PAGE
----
Renata Kiss, FISM News
Hamas has released 81 hostages to date and, as more people are liberated, a trail of shocking stories from captives has made the headlines. But perhaps the most troubling testimonies have come recently from some of the children Hamas captured on Oct. 7.
One distressed father, Thomas Hand, told CNN that his 9-year-old daughter, Emily Hand, could only speak in whispers upon her release.
“The most shocking and disturbing part of meeting her was that she was just whispering,” said Hand. He explained to the news outlet that he had to get inches from his daughter to hear her faint words.
Despite being in the care of her family now, Emily still struggles from the effects of the abuse.
“Last night she cried until her face was red and blotchy, she couldn’t stop,” Hand said. “She didn’t want any comfort, I guess she’s forgotten how to be comforted. She went under the covers of the bed, the quilt, covered herself up, and quietly cried.”
In another story, the grandmother of 12-year-old Eitan Yahalomi said that her grandson endured both physical and psychological abuse during his captivity.
“For the first 16 days, he was alone and even in a closed room,” said Eitan’s grandmother, Esther Yahalomi. “Imagine for yourselves what he went through there.”
Eitan’s aunt, Devora Cohen, told France’s BFM TV that Hamas forced the boy to watch the full video of the Oct. 7 massacre while receiving threats from his captors.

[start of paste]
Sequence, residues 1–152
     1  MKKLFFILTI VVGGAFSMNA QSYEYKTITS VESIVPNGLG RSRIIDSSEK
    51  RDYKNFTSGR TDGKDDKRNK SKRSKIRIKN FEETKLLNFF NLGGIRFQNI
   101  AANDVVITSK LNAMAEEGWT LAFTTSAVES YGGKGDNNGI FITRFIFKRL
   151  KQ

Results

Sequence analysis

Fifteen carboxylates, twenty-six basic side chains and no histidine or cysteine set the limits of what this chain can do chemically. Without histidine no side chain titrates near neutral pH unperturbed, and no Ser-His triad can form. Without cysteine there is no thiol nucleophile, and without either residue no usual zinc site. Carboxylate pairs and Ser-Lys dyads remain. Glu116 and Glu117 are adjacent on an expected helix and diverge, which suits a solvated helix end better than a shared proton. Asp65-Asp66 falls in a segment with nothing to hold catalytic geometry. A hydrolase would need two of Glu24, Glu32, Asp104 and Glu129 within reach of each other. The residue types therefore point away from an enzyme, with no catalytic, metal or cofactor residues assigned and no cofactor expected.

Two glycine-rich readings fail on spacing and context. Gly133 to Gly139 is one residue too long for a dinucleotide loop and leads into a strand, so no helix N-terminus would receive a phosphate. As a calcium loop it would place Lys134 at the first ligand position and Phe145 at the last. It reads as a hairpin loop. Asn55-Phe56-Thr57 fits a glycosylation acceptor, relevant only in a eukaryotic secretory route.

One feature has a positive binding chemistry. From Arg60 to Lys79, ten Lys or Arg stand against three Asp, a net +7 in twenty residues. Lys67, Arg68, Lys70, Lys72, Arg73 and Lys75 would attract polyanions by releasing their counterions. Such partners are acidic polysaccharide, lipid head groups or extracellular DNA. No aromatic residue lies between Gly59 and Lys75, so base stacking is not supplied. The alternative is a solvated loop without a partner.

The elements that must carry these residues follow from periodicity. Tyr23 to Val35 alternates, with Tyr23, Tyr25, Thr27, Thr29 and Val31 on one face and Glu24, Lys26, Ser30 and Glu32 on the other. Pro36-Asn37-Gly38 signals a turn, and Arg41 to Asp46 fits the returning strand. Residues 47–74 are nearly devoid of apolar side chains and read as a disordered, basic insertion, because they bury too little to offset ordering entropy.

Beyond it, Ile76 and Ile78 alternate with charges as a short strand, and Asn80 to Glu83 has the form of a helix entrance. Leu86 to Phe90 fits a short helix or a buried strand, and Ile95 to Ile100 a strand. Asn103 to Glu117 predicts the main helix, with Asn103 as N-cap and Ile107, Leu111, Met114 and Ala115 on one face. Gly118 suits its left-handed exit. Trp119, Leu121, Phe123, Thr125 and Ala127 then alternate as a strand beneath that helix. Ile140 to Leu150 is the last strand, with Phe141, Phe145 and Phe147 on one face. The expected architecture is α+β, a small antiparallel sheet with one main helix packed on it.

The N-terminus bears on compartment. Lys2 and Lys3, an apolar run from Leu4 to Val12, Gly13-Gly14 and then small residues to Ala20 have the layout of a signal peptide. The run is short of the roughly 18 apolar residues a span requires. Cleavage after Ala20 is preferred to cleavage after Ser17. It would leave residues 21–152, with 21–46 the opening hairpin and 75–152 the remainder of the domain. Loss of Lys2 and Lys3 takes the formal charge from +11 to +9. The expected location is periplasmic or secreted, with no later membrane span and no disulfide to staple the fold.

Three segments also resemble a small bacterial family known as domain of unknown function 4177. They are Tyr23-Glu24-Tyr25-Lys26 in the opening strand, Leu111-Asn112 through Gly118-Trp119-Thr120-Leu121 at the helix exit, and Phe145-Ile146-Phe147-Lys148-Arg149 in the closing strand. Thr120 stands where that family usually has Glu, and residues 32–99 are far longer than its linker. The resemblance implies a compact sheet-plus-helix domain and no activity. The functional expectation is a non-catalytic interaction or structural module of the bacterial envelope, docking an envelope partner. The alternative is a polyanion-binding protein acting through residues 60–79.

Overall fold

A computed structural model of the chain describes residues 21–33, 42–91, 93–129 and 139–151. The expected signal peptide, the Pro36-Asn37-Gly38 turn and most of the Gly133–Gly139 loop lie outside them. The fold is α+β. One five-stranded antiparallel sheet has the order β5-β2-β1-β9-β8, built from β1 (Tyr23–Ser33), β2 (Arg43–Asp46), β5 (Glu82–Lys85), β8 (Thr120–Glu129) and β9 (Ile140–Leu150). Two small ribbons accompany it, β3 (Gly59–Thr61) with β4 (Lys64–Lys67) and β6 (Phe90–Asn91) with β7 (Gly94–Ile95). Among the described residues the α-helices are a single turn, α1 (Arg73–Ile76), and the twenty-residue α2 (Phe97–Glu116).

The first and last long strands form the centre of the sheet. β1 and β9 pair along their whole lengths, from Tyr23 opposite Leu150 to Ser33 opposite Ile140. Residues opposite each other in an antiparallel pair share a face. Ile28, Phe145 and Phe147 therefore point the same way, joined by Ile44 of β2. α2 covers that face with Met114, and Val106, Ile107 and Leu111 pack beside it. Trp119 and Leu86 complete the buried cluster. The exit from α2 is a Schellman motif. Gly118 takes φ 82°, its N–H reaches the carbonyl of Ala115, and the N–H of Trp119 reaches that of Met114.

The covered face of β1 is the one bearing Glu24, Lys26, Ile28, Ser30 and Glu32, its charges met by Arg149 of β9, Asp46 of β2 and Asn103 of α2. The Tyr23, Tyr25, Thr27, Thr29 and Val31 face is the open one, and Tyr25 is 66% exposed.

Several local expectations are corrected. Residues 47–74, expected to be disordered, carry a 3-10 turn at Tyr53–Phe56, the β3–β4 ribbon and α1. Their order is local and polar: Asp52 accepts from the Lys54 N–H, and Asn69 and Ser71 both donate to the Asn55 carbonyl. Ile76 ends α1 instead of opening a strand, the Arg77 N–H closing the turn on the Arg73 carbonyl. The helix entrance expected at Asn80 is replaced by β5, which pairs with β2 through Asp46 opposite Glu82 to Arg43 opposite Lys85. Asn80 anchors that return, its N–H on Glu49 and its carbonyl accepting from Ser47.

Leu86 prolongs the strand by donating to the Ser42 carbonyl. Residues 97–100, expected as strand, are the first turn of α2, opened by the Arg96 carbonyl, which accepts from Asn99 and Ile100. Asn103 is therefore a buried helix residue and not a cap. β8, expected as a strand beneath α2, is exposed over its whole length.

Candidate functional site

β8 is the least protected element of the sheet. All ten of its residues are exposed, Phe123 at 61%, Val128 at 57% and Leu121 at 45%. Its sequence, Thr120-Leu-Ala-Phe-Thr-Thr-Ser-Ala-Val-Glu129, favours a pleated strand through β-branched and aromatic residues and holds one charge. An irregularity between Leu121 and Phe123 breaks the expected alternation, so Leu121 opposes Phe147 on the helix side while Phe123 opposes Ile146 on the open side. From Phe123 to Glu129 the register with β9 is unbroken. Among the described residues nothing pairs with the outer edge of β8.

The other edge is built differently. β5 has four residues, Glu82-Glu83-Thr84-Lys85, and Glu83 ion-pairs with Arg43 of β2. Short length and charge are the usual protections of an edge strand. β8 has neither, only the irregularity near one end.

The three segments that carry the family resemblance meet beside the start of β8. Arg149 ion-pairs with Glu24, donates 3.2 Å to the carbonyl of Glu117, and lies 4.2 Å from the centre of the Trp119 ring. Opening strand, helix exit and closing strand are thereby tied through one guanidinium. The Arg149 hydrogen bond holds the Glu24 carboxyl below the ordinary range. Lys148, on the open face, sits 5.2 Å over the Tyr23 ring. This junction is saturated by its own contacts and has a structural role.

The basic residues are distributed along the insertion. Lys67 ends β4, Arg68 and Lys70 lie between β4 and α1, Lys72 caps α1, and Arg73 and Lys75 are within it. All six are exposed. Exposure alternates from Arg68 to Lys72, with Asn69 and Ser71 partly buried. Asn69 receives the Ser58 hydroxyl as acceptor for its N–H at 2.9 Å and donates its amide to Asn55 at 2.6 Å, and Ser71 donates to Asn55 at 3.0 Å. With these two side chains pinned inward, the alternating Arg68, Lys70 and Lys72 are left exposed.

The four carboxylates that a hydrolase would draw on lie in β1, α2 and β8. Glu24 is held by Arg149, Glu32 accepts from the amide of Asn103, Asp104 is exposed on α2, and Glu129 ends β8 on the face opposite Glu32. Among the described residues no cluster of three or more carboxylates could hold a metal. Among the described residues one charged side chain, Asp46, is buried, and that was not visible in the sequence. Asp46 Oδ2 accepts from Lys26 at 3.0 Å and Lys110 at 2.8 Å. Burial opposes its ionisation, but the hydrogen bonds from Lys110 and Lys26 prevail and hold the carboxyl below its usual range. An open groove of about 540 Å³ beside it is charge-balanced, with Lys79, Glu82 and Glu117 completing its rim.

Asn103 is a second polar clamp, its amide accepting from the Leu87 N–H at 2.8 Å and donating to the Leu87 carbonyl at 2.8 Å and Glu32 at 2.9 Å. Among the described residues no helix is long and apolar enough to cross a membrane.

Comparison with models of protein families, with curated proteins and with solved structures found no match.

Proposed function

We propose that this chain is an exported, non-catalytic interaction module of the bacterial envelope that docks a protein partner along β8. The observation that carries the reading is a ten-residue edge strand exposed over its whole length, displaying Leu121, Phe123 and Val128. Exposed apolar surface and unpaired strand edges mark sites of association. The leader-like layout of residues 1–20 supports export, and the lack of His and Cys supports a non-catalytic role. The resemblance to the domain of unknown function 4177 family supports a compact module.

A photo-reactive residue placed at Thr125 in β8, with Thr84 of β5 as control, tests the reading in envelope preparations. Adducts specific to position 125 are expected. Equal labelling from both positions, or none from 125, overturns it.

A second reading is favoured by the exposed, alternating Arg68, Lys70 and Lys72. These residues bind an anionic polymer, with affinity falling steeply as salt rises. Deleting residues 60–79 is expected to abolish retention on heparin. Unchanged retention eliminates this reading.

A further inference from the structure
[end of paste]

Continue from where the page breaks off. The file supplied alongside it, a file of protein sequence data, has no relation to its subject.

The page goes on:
“Every time one of the children there cried, they threatened him with a gun to silence him. And when he arrived in Gaza, the residents, everyone, hit him. He is a 12-year-old child. We’re talking about a 12-year-old child,” said Cohen.
Eitan’s grandmother said that when he was finally released, she was hopeful he would be ok.
“He came back thinner, not smiling. But it seems to me that physically he is healthy. I can still feel the first hug, it was strong, it was great. I had a lot of hope all this time, I didn’t lose heart, I knew Eitan would come back and the army gave him back to me,” she said.
These testimonies presented a stark contrast compared to the earlier, more controversial, reports of Israeli captives.
In a video released by Hamas in October, 85-year-old peace activist Yocheved Lifshitz shook hands with one of her captors while saying “shalom,” meaning “peace,” as she was released by the terrorist group.
According to reports, Lifshitz was badly beaten in the ribs which made it difficult for her to breathe and left her looking exhausted. Yet she told reporters that Hamas treated her “gently” and that all the needs of the captives were met.
Israeli officials later condemned the video as nothing more than propaganda, while others said Hamas may have had reason to treat high-profile captives with more care than others.
As of this report, 160 hostages remain under the control of Hamas. The U.S. has been pushing for an extension of the most recent ceasefire for the sake of the remaining hostages.